Loss contracts, also called onerous contracts, arise when the costs to fulfill a contract exceed the consideration expected from the customer. Accounting Standards Codification (ASC) 606, Revenue from Contracts with Customers, does not specifically address loss contracts. Instead, guidance for loss contracts is found in ASC 605 and in other ASC topics. This article brings these topics together as a resource for determining the accounting for loss contracts.
Loss Contracts Codification Background
A loss contract is a contract in which the expected consideration from the customer is less than the expected costs of fulfilling the contract. When the Financial Accounting Standards Board (FASB) first released an exposure draft for ASC 606, the draft included guidance on accounting for loss performance obligations. However, after receiving feedback from respondents, the FASB decided to remove this guidance and retain the previous guidance for loss contracts in ASC 605, Revenue Recognition.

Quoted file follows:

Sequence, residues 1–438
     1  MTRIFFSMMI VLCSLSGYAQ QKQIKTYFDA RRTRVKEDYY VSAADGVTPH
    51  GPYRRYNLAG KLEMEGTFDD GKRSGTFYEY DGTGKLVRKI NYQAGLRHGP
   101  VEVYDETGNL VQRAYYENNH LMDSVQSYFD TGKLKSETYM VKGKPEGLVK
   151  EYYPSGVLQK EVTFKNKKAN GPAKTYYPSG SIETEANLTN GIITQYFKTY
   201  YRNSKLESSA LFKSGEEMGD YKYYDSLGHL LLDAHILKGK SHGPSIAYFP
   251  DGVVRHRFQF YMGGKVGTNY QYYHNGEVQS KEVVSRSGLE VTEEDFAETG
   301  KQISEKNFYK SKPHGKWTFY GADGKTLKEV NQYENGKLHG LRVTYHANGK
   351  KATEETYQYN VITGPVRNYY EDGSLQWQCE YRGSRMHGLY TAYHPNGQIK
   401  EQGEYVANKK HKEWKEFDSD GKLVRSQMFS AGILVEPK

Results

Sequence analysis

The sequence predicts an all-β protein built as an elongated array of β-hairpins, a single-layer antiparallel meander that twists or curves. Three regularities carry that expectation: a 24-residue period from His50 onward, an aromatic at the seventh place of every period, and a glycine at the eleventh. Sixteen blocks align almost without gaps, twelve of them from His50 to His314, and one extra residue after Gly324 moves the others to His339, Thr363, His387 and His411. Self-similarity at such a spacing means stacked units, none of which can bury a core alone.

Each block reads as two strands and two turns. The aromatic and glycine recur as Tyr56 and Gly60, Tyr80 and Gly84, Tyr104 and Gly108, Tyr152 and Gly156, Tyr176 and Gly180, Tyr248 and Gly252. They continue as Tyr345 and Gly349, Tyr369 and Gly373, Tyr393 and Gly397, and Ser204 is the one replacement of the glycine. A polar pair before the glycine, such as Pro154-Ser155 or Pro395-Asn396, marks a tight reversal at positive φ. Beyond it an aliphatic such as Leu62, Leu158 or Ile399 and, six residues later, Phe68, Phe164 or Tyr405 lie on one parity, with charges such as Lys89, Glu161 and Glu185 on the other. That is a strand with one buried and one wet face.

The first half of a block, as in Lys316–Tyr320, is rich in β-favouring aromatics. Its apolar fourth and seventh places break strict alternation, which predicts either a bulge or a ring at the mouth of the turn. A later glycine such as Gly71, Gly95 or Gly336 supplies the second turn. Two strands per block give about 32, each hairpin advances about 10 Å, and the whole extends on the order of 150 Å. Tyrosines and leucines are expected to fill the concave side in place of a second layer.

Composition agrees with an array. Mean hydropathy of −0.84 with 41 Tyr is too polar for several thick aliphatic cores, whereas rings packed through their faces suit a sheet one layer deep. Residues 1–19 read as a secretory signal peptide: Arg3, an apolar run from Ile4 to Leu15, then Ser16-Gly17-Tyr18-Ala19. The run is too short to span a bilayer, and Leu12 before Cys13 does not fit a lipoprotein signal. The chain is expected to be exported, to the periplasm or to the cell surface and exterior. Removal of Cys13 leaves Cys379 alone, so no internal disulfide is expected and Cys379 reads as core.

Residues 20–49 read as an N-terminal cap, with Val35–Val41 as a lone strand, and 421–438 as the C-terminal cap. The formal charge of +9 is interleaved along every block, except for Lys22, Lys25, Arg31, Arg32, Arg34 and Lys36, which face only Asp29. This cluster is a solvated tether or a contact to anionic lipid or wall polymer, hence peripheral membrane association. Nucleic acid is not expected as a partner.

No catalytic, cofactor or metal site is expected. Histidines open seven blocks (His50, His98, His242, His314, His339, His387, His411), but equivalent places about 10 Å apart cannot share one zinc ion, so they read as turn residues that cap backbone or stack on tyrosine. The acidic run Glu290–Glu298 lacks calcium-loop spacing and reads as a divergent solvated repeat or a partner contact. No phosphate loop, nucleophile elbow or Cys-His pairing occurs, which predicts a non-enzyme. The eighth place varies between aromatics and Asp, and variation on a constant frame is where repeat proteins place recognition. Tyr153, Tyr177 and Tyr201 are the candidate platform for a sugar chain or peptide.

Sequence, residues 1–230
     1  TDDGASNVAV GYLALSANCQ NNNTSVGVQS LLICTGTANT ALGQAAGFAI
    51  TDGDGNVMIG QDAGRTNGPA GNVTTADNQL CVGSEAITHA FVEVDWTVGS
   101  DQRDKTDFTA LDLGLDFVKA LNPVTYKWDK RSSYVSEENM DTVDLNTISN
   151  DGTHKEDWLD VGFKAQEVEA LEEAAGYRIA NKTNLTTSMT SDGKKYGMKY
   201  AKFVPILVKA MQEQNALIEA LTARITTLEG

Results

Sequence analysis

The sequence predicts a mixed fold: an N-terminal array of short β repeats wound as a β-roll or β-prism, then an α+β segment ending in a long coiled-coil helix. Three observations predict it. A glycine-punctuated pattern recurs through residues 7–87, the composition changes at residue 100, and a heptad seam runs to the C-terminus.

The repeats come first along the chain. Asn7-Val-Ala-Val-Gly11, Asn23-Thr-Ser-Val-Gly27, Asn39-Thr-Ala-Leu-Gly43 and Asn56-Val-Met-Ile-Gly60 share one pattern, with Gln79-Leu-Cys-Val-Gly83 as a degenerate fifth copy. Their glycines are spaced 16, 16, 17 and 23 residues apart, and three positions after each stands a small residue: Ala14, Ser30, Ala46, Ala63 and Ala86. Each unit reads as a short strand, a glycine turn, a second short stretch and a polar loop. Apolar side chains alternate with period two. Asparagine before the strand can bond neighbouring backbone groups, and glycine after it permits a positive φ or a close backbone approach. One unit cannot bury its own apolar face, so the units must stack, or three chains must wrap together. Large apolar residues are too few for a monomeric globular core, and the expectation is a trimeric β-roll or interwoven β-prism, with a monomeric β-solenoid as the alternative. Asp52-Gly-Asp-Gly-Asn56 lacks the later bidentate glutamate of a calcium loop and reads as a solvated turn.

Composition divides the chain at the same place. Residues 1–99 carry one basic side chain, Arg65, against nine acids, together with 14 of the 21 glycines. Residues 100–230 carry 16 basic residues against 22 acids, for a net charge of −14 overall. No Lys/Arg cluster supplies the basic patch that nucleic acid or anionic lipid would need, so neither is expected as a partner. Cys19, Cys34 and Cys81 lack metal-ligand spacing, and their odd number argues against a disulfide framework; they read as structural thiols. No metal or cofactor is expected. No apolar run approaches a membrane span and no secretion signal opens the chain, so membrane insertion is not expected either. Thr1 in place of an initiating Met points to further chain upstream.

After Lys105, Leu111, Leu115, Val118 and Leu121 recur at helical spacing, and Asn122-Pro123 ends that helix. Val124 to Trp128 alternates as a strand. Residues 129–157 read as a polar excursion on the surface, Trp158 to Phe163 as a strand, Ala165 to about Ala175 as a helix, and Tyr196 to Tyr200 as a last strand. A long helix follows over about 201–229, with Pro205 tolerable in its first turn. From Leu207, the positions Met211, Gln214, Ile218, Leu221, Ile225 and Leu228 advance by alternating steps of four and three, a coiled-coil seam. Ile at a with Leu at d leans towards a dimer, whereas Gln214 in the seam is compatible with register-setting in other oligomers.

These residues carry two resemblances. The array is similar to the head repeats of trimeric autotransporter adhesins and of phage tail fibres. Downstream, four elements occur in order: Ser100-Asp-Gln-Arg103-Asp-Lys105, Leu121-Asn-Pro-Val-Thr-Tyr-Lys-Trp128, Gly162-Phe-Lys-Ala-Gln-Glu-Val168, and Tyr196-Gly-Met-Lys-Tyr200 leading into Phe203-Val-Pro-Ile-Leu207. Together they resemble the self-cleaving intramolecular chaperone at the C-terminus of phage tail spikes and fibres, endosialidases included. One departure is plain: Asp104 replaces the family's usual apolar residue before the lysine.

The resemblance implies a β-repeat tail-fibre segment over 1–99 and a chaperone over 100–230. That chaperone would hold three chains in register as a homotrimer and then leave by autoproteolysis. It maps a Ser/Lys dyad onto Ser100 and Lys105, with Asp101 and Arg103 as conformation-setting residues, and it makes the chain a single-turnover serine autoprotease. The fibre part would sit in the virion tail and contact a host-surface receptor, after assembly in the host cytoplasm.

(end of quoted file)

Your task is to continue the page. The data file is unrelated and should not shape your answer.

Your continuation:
ASC 605-10-5-4 provides references for the provision of losses associated with certain revenue arrangements. If a loss contract does not fit into one of these arrangements, companies must develop a policy for accounting for the contract. In many instances, this will mean analogizing to one of the Subtopics listed ASC 605-10-5-4 or following the loss contingencies guidance in ASC 450-20. The next section provides more detail on each Subtopic listed in ASC 605 related to loss contracts.
Loss Contract Types With Specific ASC 605 Guidance
Separately Priced Extended Warranty and Product Maintenance Contracts
One type of transaction for which loss contract guidance exists is separately priced extended warranties and product maintenance contracts. These contracts offer warranty protection and product maintenance services separately from the original product.